The Trans-Pacific Partnership (TPP) will make permanent nonsensical laws which prevent farmers from actually owning their farm equipment, and turn farmers that that diagnose, repair, and/or modify their farm equipment into criminals.
First, some background. TPP is a trade agreement among twelve Pacific Rim countries. The stated goal of the agreement is to,
“promote economic growth; support the creation and retention of jobs; enhance innovation, productivity and competitiveness; raise living standards; reduce poverty in our countries; and promote transparency, good governance, and enhanced labor and environmental protections.”
The agreement was signed by President Obama’s trade representative on Feb 4th, 2016. All of the signatory countries must now ratify the agreement for it to come into force.
Senators Rounds and Thune, and Rep. Noem have all indicated varying levels of support for TPP based primarily on the belief that it will benefit SD agricultural exports. Ken Santema over at SoDakLiberty has done an excellent job covering TPP in SD and among our Congressional delegation.
So how will the TPP make criminals of our farmers? Essentially, it eliminates a farmer’s right to repair and/or modify many parts of their farm equipment. Here’s how it works: (I’m no lawyer, so hit me up with corrections)
- Modern farm equipment is all computerized. Software in the farm equipment is used to guide machines, controls engine behavior, respond to various sensors, provide diagnostics, etc…
- Manufacturers such as John Deere have copyrighted the software in the farm equipment. They also create technological measures such as custom connectors or passwords to prevent unauthorized access to the equipment’s software.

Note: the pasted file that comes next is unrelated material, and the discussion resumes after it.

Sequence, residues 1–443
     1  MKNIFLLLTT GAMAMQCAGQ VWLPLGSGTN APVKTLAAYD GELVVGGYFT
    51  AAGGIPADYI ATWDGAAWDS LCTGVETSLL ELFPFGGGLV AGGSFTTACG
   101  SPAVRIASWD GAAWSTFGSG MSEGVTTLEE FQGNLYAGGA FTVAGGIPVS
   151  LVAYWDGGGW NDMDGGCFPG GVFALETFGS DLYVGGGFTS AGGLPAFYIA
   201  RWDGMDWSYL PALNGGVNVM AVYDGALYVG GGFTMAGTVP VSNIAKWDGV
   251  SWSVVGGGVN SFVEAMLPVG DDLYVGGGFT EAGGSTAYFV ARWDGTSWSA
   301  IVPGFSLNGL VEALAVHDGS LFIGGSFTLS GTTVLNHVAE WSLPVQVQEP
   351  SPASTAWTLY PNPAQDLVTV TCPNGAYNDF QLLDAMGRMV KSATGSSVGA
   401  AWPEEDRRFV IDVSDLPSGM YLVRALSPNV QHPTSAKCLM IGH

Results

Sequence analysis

- When a farmer purchases a tractor from John Deere, John Deere does not transfer ownership to the copyrighted software in the tractor. Rather, the farmer receives “an implied license for the life of the vehicle to operate the vehicle.”
- Section 1201 of the Digital Millennium Copyright Act (DMCA) makes it illegal to circumvent technological measures used to prevent unauthorized access to copyrighted works such music, movies, video games, and computer programs. It wasn’t foreseen at the time, but this also applies to the software in the tractor.
- Since there is are “technological measures” in place to protect the tractor’s software, any access to the tractor’s software by the farmer is thus illegal. This severely limits what a farmer can do on his/her own tractor without Here is a better explanation and real-world example.
- The TPP contains much of the worst parts of the DMCA such as section 1201 mentioned above. And once the TPP is ratified, it will become much more difficult for Congress to reform or make common sense updates to the DMCA such as a farmer’s right to repair.
Followers of this issue may note that the DMCA does allow for temporary exemptions to section 1201. The High Plains Ag Journal has a good explanation of a recent exemption for tractors and the limitations of that exemption.
The TPP allows for this same exemption process, but TPP does not authorize the making available of devices to allow the exemptions to be exercised. So under the TPP, even if an exemption is made to allow a farmer to access the software on his/her tractor, it will still be illegal for anyone to sell him/her the equipment to do so.
The TPP will affect the rights of more than just farmers. The EFF has a great summary of how TPP will affect the rights of nearly every American.
Congressional Republicans have postponed the vote to ratify the TPP until after the Nov 2016 elections. If you care about preserving your digital rights, be sure to let our congressional delegation know about it.